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Am J Otolaryngol. 2002 May-Jun;23(3):181-4.

Ectopic gastric mucosa in the cervical esophagus.

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Division of Otolaryngology-Head and Neck Surgery, Carle Clinic Association, Urbana, IL, USA.


This study describes the clinical presentation and management of ectopic gastric mucosa (EGM) in the cervical esophagus. This is a case report of a 53-year-old male who presented with left-sided odynophagia of 3 months' duration. Office examination, including flexible fiberoptic laryngoscopy, was unremarkable. Direct larynogoscopy and rigid esophagoscopy revealed a 2 x 1-cm fleshy, red, and raised lesion in the cervical esophagus. The remainder of the esophagus was normal. Histologic examination of a biopsy specimen from the lesion showed a normal gastric epithelium consistent with the diagnosis of ectopic gastric mucosa. He was treated with 3 months of proton pump inhibitors, which resulted in complete symptom resolution. Patient was then switched to H2-blockers and has been symptom-free for one year. The medical literature regarding EGM in the cervical esophagus is reviewed with respect to its incidence, pathogenesis, clinical course, and management. In conclusion, EGM can occur in the cervical esophagus, and odynophagia is the typical presenting symptom. Adenocarcinoma developing within random, nonsyndromic EGM of the cervical esophagus is exceedingly rare. The primary mode of treatment is medical therapy.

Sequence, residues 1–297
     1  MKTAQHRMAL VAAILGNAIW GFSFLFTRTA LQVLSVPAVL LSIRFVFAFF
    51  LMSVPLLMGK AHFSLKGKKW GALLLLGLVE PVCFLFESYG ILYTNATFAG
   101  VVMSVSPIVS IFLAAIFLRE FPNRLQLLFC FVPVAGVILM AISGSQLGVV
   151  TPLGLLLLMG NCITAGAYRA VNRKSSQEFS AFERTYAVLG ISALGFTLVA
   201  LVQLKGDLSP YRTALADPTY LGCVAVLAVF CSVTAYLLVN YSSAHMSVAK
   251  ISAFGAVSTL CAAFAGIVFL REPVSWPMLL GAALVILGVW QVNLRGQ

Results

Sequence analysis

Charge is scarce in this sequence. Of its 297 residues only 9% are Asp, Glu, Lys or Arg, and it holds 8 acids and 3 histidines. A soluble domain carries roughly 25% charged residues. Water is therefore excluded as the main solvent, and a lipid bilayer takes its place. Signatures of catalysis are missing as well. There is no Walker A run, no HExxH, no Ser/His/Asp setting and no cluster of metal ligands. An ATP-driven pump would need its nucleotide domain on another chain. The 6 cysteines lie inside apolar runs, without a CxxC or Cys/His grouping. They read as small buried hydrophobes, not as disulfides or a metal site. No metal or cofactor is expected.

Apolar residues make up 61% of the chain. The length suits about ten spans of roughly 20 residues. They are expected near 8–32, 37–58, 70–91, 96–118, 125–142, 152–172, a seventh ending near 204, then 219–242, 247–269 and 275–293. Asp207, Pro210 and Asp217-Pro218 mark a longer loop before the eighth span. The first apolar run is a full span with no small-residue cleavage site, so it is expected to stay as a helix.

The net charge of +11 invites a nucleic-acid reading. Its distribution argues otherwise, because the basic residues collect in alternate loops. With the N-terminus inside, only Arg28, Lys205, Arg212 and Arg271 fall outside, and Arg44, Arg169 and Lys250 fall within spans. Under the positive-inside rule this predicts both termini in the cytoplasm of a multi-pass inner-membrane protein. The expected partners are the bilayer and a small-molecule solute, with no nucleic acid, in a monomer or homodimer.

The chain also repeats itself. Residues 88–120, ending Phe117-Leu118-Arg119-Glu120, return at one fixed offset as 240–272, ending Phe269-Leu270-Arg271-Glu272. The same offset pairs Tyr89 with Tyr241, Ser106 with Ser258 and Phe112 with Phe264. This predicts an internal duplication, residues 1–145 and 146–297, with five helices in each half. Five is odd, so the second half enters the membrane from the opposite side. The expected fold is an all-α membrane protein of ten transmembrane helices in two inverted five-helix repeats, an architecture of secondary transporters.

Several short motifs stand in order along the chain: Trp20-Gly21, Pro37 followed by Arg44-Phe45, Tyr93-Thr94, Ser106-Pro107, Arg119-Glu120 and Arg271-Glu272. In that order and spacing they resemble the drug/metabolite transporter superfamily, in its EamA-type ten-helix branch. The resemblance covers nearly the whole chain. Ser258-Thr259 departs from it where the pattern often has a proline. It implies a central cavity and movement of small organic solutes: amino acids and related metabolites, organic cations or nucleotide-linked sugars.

[Indexed for MEDLINE]

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